British regulator blocks acquisition of Activision Blizzard by Microsoft 14:03 in Economy , Tech It is the second setback for Microsoft. Earlier, the American regulator started a lawsuit to block the acquisition. It’s still running.

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The largest acquisition ever in the gaming industry is further questioned. Microsoft plans to take over game publisher Activision Blizzard for the equivalent of 60 billion euros, but the British competition watchdog rejected that deal today. The US regulator has already filed a lawsuit to do the same.

British regulator CMA says in a press statement it is particularly concerned about the future of cloud gaming – where a game is streamed (much like music or a movie) to a device – if the acquisition were to go ahead. Microsoft says it remains “fully committed” to the acquisition and will appeal the decision.

‘Powerful position’

“Microsoft already has a powerful position and a competitive edge in cloud gaming,” said Martin Coleman, who led the British study. “This acquisition would strengthen that lead and thus give it the opportunity to undermine new and innovative competitors.”

According to the CMA, Microsoft already has a 60 to 70 percent market share of the global cloud game market. Consumers who play games in this way do not have to buy expensive game consoles or PCs, according to the regulator, which gives them “a lot more flexibility and choice over how they play”.

The deal between Microsoft and Activision Blizzard was announced last January. The CMA began an extensive investigation in September of that year. In February of this year, a provisional decision was already made, which has now become final.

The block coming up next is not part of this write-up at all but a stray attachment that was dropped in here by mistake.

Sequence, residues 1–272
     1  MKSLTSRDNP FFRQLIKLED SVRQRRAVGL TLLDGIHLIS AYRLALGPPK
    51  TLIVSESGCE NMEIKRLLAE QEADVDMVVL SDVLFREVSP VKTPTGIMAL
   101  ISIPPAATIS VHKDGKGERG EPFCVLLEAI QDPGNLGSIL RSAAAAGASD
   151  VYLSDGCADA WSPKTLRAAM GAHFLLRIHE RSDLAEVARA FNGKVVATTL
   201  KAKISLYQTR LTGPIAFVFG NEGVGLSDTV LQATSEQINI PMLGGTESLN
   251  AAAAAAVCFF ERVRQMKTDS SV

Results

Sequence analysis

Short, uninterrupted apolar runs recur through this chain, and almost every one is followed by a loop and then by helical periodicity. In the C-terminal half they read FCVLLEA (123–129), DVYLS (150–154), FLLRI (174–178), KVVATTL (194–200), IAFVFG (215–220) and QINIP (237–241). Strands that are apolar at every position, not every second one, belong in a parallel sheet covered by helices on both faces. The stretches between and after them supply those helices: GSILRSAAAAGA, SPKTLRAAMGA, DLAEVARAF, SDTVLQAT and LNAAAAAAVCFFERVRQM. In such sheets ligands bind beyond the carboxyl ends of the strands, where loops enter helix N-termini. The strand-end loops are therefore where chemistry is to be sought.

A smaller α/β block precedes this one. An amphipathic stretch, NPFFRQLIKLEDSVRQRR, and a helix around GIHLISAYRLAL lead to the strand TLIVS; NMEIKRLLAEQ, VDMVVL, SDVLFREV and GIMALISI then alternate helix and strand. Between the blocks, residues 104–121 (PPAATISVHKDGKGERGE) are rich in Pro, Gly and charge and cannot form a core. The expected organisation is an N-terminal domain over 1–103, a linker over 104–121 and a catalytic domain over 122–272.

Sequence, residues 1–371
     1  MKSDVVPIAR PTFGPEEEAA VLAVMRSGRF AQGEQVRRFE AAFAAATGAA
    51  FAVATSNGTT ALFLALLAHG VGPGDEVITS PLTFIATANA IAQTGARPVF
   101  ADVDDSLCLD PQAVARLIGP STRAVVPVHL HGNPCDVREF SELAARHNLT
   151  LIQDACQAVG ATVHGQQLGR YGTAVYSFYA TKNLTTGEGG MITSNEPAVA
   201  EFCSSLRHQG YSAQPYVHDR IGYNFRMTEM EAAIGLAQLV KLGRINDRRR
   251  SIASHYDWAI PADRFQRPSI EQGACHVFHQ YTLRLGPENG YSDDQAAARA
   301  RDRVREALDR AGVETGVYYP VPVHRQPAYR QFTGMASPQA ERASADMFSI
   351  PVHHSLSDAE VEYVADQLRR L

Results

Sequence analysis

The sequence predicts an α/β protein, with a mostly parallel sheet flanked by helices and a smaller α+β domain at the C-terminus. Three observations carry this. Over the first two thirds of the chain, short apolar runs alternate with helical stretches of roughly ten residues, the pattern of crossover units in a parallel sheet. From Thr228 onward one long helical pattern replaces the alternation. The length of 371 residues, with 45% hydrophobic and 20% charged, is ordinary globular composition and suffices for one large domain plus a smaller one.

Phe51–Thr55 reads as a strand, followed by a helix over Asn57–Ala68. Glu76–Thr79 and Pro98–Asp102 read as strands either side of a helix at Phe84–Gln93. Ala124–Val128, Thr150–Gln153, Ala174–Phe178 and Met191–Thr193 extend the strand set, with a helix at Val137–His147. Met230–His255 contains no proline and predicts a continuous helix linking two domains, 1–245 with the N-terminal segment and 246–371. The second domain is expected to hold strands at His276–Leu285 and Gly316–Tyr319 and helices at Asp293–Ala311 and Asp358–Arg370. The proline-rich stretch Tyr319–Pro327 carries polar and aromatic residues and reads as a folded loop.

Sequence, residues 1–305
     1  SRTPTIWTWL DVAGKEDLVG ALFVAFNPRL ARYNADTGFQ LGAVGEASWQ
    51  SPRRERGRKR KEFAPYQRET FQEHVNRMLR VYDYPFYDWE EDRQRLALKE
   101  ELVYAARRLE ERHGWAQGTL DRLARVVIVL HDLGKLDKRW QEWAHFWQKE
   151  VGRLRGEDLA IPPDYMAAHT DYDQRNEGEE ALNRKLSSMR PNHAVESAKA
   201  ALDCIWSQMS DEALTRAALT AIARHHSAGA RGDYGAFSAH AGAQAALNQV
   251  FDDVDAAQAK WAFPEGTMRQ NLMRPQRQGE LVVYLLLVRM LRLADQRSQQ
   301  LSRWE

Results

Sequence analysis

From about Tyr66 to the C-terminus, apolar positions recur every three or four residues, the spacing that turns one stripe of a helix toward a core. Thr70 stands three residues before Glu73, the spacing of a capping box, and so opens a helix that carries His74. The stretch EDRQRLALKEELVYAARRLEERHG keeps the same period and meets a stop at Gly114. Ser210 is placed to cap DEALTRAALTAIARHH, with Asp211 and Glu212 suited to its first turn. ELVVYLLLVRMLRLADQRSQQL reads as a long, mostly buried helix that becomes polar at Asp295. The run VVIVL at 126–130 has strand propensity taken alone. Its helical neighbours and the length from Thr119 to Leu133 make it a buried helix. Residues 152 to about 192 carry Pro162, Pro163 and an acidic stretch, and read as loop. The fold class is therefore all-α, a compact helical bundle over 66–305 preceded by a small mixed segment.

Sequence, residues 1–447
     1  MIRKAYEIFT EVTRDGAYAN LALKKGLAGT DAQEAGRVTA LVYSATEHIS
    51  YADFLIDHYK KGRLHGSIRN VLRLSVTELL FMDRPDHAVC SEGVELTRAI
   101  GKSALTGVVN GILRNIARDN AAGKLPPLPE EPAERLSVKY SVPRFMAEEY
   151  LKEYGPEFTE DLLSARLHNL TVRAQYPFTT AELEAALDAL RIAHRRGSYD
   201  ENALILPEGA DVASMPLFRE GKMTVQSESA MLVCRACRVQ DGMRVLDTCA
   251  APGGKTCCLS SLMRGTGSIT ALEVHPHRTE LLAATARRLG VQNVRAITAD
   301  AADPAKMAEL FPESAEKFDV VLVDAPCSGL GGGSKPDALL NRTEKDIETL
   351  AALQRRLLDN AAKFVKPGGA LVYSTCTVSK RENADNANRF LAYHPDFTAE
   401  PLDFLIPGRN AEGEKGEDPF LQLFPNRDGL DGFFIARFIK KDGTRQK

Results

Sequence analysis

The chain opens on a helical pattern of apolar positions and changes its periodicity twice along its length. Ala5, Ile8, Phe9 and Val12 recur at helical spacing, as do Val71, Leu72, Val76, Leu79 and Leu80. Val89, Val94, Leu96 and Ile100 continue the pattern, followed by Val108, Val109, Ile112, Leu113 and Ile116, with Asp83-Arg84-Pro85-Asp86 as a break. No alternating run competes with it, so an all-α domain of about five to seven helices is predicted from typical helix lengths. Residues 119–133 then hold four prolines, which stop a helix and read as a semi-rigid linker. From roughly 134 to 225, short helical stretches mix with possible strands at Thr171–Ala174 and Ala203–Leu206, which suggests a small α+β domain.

Worries not taken away

In that process, Microsoft presented options to address regulator concerns. But those contain a series of shortcomings in the eyes of the CMA.

Another consideration was that accepting Microsoft’s solutions would mean that the CMA would also have to oversee this, while a rejection would mean that the cloud gaming market could continue to develop without intervention.

Microsoft president Brad Smith said he was “disappointed that after lengthy discussions, this decision appears to reflect a lack of understanding of the market and of how cloud technology actually works.”

Activision Blizzard says it will work intensively with Microsoft to reverse this decision in an appeal procedure. In addition to the US and the UK, the company is also awaiting approval from the EU. A decision on this is expected next month.

  • US regulator wants to block acquisition of Activision Blizzard by Microsoft
  • Brussels is investigating mega takeover of game builder Activision Blizzard
  • Microsoft acquires game maker Activision Blizzard for almost 60 billion euros
  • Economy

  • Tech

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